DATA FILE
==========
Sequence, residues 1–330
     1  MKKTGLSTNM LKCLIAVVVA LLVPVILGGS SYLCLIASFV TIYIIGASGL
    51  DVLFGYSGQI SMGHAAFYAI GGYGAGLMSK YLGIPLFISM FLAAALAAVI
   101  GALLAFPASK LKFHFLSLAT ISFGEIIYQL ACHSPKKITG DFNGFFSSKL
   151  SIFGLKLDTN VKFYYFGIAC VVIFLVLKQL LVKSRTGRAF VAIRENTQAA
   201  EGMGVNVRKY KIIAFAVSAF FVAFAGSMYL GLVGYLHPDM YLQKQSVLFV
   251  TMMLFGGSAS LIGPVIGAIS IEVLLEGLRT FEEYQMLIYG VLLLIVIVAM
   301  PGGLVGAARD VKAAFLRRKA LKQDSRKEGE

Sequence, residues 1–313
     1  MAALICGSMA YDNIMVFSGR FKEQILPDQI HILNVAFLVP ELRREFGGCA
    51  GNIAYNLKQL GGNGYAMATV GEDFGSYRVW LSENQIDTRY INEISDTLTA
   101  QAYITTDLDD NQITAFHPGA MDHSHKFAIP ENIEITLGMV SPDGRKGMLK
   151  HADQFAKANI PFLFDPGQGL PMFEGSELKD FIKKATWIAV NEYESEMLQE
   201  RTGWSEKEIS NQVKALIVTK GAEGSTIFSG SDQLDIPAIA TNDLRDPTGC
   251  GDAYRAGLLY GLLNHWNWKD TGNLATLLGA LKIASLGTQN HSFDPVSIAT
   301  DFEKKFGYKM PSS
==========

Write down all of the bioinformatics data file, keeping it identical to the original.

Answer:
Sequence, residues 1–330
     1  MKKTGLSTNM LKCLIAVVVA LLVPVILGGS SYLCLIASFV TIYIIGASGL
    51  DVLFGYSGQI SMGHAAFYAI GGYGAGLMSK YLGIPLFISM FLAAALAAVI
   101  GALLAFPASK LKFHFLSLAT ISFGEIIYQL ACHSPKKITG DFNGFFSSKL
   151  SIFGLKLDTN VKFYYFGIAC VVIFLVLKQL LVKSRTGRAF VAIRENTQAA
   201  EGMGVNVRKY KIIAFAVSAF FVAFAGSMYL GLVGYLHPDM YLQKQSVLFV
   251  TMMLFGGSAS LIGPVIGAIS IEVLLEGLRT FEEYQMLIYG VLLLIVIVAM
   301  PGGLVGAARD VKAAFLRRKA LKQDSRKEGE

Sequence, residues 1–313
     1  MAALICGSMA YDNIMVFSGR FKEQILPDQI HILNVAFLVP ELRREFGGCA
    51  GNIAYNLKQL GGNGYAMATV GEDFGSYRVW LSENQIDTRY INEISDTLTA
   101  QAYITTDLDD NQITAFHPGA MDHSHKFAIP ENIEITLGMV SPDGRKGMLK
   151  HADQFAKANI PFLFDPGQGL PMFEGSELKD FIKKATWIAV NEYESEMLQE
   201  RTGWSEKEIS NQVKALIVTK GAEGSTIFSG SDQLDIPAIA TNDLRDPTGC
   251  GDAYRAGLLY GLLNHWNWKD TGNLATLLGA LKIASLGTQN HSFDPVSIAT
   301  DFEKKFGYKM PSS